There's nothing odd or unfamiliar to stop anyone just jumping in and driving the Zoe. You have a conventional handbrake and what looks like an automatic transmission shift lever which has P-R-N-D positions. There are no paddles, no Sport mode; just those four slots. There is however, an ECO button to the lever's left which does a good job of extending the car's range. This limits speed of acceleration and top speed (to 60mph I found) and compared to non-eco mode, you do get quite a few more miles from a recharge. When in Eco, the usual blue background of the digital instruments changes to green.

Kids will love the big and deep rear windows and it feels as though all seats are higher placed than in other B segment hatchbacks. For the driver, the effect is almost like being in a Captur - you certainly feel that the views out are from a loftier position than in a Clio.

Like an i3, this can be either a fun car to drive, or a silent and relaxing one, depending on the conditions and your mood. It doesn't handle as nimbly as the BMW and the steering isn't as direct but ride comfort, even on the press car's 17-inch wheels and special Michelin E-V Energy tyres, is impressive. 

There are a couple of ways to take ownership of a Zoe. Firstly, under a battery hire scheme, pricing starts at GBP13,945 after the Government Plug-in Car Grant. But on top of this, you have to sign up for a battery lease, which starts at GBP45 per month (36 months and 3,000 miles a year limit for this, the cheapest option). The benefits include a lifetime performance guarantee for the battery and 24/7 roadside assistance which includes rescue if you run out of charge. There is also the option to buy the car outright. Pricing starts at GBP18,945 after the Government Plug-in Car Grant. With this scheme, the buyer owns the car and the battery.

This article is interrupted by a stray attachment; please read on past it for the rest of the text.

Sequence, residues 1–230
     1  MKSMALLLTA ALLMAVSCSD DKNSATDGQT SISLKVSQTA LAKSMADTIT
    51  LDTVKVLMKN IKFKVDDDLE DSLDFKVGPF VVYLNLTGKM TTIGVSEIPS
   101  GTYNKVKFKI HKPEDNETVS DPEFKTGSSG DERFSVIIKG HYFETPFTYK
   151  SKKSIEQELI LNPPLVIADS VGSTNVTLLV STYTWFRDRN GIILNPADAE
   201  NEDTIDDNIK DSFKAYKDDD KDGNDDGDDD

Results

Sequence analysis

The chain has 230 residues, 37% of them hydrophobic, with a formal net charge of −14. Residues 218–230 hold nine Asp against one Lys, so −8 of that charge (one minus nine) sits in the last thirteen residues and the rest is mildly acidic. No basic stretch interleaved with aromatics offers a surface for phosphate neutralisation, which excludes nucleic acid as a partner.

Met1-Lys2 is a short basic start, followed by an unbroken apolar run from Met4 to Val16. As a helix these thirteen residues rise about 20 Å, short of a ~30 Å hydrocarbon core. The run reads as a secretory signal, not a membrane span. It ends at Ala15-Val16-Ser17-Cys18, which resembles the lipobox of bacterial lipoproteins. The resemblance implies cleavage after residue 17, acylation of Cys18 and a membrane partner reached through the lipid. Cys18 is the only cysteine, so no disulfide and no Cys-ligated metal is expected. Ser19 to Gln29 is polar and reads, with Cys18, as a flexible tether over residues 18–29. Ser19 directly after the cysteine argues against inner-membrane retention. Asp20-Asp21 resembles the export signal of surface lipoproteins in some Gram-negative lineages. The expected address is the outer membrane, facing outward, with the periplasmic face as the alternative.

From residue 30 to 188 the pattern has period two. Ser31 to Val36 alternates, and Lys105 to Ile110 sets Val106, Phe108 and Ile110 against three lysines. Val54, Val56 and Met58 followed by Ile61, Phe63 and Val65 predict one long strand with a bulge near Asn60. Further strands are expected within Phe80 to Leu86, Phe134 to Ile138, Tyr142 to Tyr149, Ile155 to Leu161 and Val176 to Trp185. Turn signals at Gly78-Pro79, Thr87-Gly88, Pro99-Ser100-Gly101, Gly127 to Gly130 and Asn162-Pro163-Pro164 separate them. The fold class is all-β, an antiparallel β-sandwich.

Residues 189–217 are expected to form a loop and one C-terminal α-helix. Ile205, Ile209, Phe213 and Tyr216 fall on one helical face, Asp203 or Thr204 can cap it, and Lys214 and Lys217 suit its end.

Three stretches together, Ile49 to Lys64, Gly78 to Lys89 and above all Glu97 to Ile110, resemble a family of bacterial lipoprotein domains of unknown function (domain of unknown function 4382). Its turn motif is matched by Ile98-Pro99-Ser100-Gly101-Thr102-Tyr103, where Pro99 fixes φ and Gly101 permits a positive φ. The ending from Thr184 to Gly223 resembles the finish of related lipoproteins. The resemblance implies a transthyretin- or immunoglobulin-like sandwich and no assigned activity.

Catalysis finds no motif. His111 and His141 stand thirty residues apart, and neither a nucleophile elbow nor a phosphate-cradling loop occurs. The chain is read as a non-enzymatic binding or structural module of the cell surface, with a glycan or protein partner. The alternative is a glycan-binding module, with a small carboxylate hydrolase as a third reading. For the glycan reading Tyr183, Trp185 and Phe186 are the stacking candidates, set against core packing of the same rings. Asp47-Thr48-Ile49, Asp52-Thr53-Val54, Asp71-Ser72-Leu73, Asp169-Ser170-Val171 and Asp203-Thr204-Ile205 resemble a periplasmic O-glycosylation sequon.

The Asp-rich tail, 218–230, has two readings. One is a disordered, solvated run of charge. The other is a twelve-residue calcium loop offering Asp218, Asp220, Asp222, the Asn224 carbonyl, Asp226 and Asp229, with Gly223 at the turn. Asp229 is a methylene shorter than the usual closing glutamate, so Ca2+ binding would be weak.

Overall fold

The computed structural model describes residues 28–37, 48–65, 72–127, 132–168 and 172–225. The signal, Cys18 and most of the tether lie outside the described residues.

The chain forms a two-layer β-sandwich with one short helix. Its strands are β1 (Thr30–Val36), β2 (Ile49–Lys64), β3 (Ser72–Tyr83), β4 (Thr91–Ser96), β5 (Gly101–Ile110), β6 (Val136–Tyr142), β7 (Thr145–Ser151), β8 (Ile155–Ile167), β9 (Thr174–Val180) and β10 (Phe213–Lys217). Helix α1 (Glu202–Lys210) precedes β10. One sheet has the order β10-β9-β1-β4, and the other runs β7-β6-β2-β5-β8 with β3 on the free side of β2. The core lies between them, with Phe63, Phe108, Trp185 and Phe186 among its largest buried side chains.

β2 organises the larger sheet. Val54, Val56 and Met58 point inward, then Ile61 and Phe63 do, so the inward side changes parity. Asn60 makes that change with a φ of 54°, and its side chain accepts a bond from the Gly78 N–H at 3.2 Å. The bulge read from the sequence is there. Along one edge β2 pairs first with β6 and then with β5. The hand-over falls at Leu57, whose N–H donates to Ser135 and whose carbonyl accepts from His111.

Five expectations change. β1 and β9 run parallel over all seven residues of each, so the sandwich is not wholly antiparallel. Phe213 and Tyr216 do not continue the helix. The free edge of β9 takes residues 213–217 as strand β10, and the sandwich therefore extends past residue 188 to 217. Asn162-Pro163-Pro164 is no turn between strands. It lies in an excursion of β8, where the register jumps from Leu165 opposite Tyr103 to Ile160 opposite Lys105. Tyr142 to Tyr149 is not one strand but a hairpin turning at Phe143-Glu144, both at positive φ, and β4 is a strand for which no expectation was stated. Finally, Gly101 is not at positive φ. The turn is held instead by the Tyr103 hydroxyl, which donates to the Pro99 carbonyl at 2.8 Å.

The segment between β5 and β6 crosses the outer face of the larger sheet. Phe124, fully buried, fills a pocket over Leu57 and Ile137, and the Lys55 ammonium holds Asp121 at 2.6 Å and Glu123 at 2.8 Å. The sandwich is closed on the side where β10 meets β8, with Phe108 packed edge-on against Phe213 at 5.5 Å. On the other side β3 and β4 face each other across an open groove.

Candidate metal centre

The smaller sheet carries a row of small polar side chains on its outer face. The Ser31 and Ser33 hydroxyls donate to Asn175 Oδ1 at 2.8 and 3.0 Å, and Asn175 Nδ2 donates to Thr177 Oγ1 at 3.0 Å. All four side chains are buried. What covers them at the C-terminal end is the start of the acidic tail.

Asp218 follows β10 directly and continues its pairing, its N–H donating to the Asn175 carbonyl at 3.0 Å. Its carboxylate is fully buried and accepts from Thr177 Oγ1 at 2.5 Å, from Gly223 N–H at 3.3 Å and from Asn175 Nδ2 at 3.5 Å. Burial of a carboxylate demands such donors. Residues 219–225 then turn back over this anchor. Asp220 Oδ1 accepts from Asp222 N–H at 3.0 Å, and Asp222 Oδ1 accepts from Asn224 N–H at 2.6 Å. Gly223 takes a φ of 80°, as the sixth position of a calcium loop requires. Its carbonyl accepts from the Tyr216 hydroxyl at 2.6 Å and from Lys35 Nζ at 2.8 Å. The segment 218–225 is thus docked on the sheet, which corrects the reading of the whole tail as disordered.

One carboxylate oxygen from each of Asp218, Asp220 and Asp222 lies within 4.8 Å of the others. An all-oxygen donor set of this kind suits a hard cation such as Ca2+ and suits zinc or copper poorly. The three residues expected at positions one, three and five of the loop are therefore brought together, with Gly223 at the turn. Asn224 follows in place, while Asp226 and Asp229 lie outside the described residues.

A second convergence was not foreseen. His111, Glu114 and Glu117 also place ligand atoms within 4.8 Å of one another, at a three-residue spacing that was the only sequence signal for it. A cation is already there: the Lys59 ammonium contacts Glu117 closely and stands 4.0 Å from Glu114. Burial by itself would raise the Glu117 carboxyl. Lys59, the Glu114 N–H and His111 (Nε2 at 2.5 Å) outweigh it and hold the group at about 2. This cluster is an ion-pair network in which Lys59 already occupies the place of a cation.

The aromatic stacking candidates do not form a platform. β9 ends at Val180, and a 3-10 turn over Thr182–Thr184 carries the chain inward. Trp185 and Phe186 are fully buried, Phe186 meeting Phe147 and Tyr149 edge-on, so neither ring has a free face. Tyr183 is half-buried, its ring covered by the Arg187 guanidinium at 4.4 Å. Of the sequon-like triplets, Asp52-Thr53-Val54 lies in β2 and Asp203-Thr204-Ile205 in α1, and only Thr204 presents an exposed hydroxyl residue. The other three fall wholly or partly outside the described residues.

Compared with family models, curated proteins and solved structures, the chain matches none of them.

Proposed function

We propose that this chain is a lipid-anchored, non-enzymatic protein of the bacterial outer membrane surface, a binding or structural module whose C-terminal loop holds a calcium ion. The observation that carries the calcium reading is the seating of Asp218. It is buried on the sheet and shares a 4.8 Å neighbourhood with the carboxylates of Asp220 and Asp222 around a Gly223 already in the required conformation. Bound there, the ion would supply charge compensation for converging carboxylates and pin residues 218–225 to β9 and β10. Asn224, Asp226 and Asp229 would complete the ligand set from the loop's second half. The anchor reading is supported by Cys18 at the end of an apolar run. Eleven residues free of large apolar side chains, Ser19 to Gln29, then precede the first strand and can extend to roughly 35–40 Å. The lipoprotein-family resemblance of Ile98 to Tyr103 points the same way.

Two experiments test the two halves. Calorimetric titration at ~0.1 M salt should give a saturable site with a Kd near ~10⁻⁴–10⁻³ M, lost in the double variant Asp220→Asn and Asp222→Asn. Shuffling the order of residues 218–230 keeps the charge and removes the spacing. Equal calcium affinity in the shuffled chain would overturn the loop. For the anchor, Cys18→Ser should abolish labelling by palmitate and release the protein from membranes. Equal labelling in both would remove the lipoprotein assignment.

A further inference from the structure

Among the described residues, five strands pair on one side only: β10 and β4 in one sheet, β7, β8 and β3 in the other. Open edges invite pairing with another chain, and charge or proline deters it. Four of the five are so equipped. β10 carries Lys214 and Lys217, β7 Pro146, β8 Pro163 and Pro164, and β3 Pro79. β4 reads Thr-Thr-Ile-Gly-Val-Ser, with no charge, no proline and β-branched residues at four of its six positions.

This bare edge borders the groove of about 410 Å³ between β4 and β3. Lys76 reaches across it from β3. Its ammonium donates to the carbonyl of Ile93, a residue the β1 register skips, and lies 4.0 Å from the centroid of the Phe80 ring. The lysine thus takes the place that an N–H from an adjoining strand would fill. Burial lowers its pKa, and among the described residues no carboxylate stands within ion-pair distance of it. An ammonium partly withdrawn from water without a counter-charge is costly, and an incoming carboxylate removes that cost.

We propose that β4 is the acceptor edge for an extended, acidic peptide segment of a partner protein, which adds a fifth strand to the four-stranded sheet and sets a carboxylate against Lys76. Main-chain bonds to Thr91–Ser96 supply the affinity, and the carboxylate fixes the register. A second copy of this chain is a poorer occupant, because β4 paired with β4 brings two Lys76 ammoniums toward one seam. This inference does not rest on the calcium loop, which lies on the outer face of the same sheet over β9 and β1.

The Zoe's Chameleon charger makes the best use of whatever electricity supply is available. From zero to 80 percent full can be achieved in as little as 30 minutes. For retail customers with a domestic address and off street parking, a 7kW Homecharger is available for free, including installation. With one of these, the car can go from flat-to-full in 3-4 hours. Using a domestic socket, I simply plugged in each night and managed anywhere between 60 and 80 miles. It soon became a fun challenge to see how smoothly you can drive so as to keep the LED battery display looking healthy.

A week was long enough to show me that a Zoe could well suit my needs, though I think I'd still prefer another vehicle for times when a bigger car is needed. The range wasn't really an issue, which came as a surprise. The new 43kWh battery pack and Q90 motor which Renault announced at the Paris motor show will also help to convince a lot of others that a Zoe could be an option for them too.  

The better battery has an NEDC range of 400km/250 miles but in real-world driving, Renault estimates the car's Z.E. 40 battery (43kWh) has a range of 186 miles (300km) in urban or suburban areas. The Zoe with the 22kWh battery, which was the one I tested, remains on sale as a cheaper option. The NEDC rating of this is 240km/149 miles or 170km/106 miles according to Renault's 'real world' rating. Its R90 motor has maximum power of 65kW (88hp) and torque of 220Nm. Top speed is limited to 85mph and 0-62mph takes 13.5 seconds. Battery weight is 290kg and the car tips the scales at 1,468kg.

Specifications and pricing for the Z.E. 40 should be announced soon, with the first cars due on sale in LHD European markets from November.